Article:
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Multimodal interactions

Abstract : Introduction A central sensory characteristic of food is its flavor, which, most of the time, confers to a given food product its identity and typicality, and thus contribute to its liking (Prescott, 2015). Flavor has been defined as a sensory percept induced by food or beverage tasting. This holistic perception is constructed through the functional integration of information transmitted by the chemical senses: olfaction, gustation, and oral and nasal somatosensory inputs (Thomas-Danguin, 2009). Flavor may be influenced by other nonchemical sensory inputs such as texture, sound, or color (Spence, 2013). The functional integration of information transmitted by anatomically distinct senses relies on a multimodal processing, which is fundamental for our interaction with and behavioral adaptation to our environment. In the case of food flavor, the multimodal integration of chemosensory cues induces crossmodal perceptual interactions in which the perception of a tastant may affect the perceived intensity of an odorant, and vice versa (Delwiche, 2004). Nevertheless, although crossmodal interactions can result from perceptual processes, other factors may also contribute to the overall construction of the food flavor percept. In this chapter, we propose a review of multimodal interactions in the context of food flavor construction and modulation. In the first part, we focus on interactions within the chemical senses. We report evidences for the integration of olfactory and gustatory information at sub- and suprathreshold levels, and then review the mechanisms underpinning aroma–taste interactions, as well as the neurophysiological bases of perceptual flavor integration. Afterward, we provide more details on the impact of olfactory, gustatory and trigeminal interactions on food flavor perception. In the second part, we present interactions between aroma, taste, and texture while summarizing the possible mechanisms, and we consider the influence of texture on aroma and taste and the reverse. Along this chapter, several terms are used with a specific meaning that is not necessarily consensual, depending on the scientific area. The terms taste, odor, and aroma refer to the perceptions induced by chemicals which are respectively tastants or odorants, perceived through the ortho- or retronasal route, respectively. We also use the term of flavoring agent for a mixture of odorants formulated to produce a specific aroma. Finally, we use the term texture to define the perception of textural properties (eg, hardness, thickness, etc.), while the term structure refers to the physical organization of the food matrix.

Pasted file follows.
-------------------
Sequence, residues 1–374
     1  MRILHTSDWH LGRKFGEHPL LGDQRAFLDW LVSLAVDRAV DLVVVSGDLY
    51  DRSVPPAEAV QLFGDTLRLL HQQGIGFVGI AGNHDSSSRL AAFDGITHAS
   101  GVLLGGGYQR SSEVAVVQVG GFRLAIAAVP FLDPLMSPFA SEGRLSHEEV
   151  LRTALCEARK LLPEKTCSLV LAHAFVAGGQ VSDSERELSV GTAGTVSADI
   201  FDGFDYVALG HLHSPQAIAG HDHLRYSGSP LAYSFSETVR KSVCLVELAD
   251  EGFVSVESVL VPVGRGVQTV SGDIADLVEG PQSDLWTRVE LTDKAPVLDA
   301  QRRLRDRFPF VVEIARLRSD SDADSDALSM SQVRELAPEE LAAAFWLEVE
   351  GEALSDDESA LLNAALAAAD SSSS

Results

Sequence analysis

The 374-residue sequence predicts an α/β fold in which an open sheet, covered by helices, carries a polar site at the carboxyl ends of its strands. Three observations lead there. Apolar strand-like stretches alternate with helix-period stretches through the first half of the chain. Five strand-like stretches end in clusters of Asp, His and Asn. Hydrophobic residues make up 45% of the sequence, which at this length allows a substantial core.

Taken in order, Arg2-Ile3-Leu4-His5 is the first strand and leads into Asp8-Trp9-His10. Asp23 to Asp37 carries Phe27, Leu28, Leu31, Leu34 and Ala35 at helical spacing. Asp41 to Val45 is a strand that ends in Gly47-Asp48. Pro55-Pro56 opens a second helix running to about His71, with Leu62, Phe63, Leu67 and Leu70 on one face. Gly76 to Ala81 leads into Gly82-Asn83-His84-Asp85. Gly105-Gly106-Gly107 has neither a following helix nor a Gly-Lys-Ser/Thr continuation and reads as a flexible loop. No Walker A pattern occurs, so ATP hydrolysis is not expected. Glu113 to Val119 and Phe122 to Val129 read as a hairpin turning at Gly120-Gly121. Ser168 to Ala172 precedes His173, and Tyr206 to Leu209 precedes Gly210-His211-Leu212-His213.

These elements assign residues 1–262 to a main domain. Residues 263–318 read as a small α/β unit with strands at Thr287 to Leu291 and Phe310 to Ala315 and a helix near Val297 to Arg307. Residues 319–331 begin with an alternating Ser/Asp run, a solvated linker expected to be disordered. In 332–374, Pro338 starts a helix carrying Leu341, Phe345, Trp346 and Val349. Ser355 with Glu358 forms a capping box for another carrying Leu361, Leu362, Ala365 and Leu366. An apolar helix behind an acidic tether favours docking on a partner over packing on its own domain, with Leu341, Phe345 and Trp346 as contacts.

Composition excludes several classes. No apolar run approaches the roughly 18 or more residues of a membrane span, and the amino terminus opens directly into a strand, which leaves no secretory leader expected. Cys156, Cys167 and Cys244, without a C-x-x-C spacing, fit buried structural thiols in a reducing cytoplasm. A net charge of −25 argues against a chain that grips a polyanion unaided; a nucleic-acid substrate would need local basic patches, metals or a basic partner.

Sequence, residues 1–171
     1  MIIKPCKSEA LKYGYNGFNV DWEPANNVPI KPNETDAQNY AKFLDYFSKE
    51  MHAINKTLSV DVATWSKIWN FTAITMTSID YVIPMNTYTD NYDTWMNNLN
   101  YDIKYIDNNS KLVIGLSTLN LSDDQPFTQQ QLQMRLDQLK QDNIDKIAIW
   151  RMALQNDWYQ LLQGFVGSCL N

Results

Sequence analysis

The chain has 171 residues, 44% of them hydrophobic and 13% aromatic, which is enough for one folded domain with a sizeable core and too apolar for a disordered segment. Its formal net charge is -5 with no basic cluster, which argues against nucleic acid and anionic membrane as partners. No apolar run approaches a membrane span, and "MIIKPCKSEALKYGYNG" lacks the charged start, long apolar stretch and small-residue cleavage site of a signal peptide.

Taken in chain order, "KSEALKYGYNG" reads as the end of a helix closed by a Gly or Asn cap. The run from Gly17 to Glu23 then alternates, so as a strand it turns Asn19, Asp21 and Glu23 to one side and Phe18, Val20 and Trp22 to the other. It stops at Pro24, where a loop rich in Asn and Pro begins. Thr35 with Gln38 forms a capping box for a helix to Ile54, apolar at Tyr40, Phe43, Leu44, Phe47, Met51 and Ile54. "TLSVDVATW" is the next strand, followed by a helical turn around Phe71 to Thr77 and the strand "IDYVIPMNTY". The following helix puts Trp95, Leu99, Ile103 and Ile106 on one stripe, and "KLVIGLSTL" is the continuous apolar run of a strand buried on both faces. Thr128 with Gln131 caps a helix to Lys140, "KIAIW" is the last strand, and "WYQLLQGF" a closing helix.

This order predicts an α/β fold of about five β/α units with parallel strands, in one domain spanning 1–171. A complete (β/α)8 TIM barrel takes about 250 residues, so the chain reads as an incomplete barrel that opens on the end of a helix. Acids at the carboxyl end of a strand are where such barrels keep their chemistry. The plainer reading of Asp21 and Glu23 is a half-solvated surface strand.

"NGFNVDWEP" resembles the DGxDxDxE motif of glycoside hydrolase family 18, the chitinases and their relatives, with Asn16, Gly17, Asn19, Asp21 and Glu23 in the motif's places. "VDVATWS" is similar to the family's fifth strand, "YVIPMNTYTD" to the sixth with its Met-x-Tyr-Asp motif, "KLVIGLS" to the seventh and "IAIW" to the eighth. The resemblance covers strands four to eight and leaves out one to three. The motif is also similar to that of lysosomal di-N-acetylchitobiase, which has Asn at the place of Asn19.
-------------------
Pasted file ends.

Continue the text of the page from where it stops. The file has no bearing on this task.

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Thierry Thomas-Danguin, Charlotte Sinding, Carole Tournier, Anne Saint-Eve. Multimodal interactions. P. Etievant; Elisabeth Guichard; Christian Salles; Andree Voilley. Flavor. From Food to Behaviors, Wellbeing and Health, 299 (299), Elsevier Ltd, pp.121-141, 2016, Woodhead Publishing Series in Food Science, Technology and Nutrition, 978-0-08-100295-7. ⟨10.1016/B978-0-08-100295-7.00006-2⟩. ⟨hal-01583753⟩



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